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New report: 'Optimizing Opt-in to Maximize Advertiser Value'
"Optimizing Opt-in to Maximize Advertiser Value" is designed to help newspapers continue this positive momentum by meeting the level of quality that early adopter advertisers have come to expect and the level of effectiveness necessary to attract additional advertising dollars. This report offers best practices gleaned from interviews with circulation executives who have successfully managed their opt-in programs, including insights on effectively capturing new subscribers, maintaining an accurate database and quality control procedures to achieve a high level of accuracy in delivery.
Single-Copy solutions webinar series on demand
Following the completion of Single-Copy Summer Webinar Series, NAA members now have access to a variety single-copy sales ideas and operational solutions on demand. The final session, "Merchandising for Measurable Gains," was devoted to the basics of merchandising. The presentation includes examples of the most effective point-of-purchase techniques and general merchandising tactics that will drive sales, as well as examples of how to take full advantage of today's news and content — from championship events to everyday shopping information.
App gives print advertising a lifeline
Until now, the most common way to link print advertising with digital devices was through QR codes, but smartphone app Pounce, is hoping it can give consumers and advertisers an alternative. Pounce is a secure mobile app that aims to make shopping a more convenient task for consumers by letting them buy goods they have seen in print media. It uses image recognition technology to scan product images before enabling a product to be purchased in less than 30 seconds.
Agfa’s :Arkitex Eversify makes tablet publishing fast & easy, delivering a highly interactive robust experience to mobile devices while providing the look, feel and brand image of your printed publication. Eversify workflow is automated and works with your current system. Take advantage of new circulation and revenue opportunities.
David Zeeck: Internet opens up new avenues for advertising
The News Tribune
Most people are aware that the Internet has had a dramatic effect on newspaper readership. But often they perceive only part of the story. People are generally aware that the Internet has cut into print newspaper readership, which is true. What is less well known is that the Internet has actually expanded our audience.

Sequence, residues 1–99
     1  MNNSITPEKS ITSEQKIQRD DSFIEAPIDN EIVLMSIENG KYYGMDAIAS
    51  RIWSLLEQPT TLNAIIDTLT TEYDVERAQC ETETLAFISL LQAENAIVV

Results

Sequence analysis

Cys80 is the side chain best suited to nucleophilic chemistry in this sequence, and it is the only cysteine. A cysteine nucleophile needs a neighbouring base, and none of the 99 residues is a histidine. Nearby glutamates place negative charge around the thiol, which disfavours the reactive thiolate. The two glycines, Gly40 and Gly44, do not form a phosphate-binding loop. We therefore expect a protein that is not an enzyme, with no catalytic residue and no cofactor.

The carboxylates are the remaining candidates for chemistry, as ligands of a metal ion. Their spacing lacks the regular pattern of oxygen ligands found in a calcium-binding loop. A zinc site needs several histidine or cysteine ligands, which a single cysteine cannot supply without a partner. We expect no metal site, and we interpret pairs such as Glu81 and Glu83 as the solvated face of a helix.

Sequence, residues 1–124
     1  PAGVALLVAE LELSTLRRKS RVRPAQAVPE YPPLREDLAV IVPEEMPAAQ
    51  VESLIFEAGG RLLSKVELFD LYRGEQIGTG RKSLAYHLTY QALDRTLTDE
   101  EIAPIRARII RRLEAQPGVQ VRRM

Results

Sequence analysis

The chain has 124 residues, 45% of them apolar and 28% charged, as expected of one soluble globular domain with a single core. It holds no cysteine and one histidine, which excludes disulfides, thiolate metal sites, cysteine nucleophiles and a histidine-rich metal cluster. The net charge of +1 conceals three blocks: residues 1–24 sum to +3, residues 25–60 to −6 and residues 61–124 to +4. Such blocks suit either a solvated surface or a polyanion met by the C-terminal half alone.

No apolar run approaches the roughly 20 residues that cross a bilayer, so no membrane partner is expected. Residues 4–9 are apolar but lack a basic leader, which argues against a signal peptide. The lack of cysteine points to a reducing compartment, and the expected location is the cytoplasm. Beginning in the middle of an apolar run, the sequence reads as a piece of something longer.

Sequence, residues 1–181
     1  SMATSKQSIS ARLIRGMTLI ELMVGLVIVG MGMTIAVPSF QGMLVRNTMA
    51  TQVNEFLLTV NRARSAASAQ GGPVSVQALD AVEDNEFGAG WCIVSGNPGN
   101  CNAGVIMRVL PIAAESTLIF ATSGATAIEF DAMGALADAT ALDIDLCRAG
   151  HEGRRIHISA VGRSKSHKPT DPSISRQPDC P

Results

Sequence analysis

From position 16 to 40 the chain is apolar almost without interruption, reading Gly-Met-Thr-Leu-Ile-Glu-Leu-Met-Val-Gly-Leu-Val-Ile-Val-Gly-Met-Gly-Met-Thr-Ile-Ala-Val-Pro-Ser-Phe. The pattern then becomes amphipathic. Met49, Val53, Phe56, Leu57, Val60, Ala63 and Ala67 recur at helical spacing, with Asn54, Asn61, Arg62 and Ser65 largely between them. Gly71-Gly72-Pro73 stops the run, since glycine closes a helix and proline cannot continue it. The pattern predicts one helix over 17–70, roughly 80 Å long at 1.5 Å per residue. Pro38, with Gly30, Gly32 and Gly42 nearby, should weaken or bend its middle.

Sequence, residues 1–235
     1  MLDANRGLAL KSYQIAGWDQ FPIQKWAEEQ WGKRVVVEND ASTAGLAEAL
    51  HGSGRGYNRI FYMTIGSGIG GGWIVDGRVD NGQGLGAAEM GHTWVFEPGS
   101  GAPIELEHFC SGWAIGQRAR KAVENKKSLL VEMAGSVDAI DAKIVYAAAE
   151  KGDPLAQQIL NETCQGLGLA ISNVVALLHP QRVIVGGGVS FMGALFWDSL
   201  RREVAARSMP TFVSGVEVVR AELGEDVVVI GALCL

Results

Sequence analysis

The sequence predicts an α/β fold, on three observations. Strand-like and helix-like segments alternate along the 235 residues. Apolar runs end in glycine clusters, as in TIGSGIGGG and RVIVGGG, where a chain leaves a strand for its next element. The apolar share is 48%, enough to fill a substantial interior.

Native advertising, content marketing, mobile and the future of online publishing
The Sacramento Press
The relatively low value and cost of digital ads compared to print ads has been one of the biggest challenges facing online publishers, particularly news publishers, over the last decade. But a potential solution has risen over the last few years, one that the more forward-thinking online publishers like BuzzFeed, Gawker or Mashable have already begun to master: the rise of content marketing and native advertising.
Outstanding newspaper ads across categories
Newspapers ads work — no matter what category of business you are in. Get inspired by viewing a selection of the best ads from travel, automotive, technology, local retail and more. Some are shortlisted ads from Newspapers Canada's annual Extra Awards and some were pulled directly from the pages of Canadian newspapers.
Is big media trading digital dollars for analog dimes?
In 2008, Jeff Zucker, then at NBC Universal, complained that media companies were in danger of "trading analogue dollars for digital pennies." As chastened media executives repeated the quote over time, it eventually became amended to "trading analogue dollars for digital dimes for mobile pennies." It seems quaint now.
CBS, Time Warner Cable and the disruption of TV
The New Yorker
Until the 1980s, American television was dominated by CBS, NBC and ABC, broadcast networks so powerful that they were known simply as the "Big Three." Then a new technology came along, one that gave viewers many more options to choose from, completely disrupting the way that people watched TV. It was called cable.
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Google patents unsettling 'pay-per-gaze' advertising model
Google was granted a patent recently for a Gaze Tracking System which could be employed in devices like Glass in order to track what users look at and charge advertisers on a "pay-per-gaze" basis. The patent was originally filed with the US Patent and Trademark Office in May 2011 and refers to a system for use with a head-mounted device, which we can now safely assume refers to Google Glass.
Back to school shopping gets more digital
As students across the country get ready to return to school, parents get set to spend nearly $73 billion on clothes and supplies. While newspaper ads and circulars are still one of the most popular sources for information on sales, mobile technology is increasingly playing a role in the back-to-school shopping scene.